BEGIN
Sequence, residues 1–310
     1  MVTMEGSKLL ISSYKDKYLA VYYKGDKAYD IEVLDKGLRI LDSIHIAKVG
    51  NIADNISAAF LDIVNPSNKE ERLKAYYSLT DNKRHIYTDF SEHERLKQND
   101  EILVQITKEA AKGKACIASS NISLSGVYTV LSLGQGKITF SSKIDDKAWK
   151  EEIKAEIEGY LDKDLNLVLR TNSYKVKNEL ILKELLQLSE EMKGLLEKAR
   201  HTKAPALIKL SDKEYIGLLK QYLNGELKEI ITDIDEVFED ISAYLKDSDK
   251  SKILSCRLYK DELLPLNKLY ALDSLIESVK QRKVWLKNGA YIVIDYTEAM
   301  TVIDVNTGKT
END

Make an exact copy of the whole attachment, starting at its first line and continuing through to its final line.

Sequence, residues 1–310
     1  MVTMEGSKLL ISSYKDKYLA VYYKGDKAYD IEVLDKGLRI LDSIHIAKVG
    51  NIADNISAAF LDIVNPSNKE ERLKAYYSLT DNKRHIYTDF SEHERLKQND
   101  EILVQITKEA AKGKACIASS NISLSGVYTV LSLGQGKITF SSKIDDKAWK
   151  EEIKAEIEGY LDKDLNLVLR TNSYKVKNEL ILKELLQLSE EMKGLLEKAR
   201  HTKAPALIKL SDKEYIGLLK QYLNGELKEI ITDIDEVFED ISAYLKDSDK
   251  SKILSCRLYK DELLPLNKLY ALDSLIESVK QRKVWLKNGA YIVIDYTEAM
   301  TVIDVNTGKT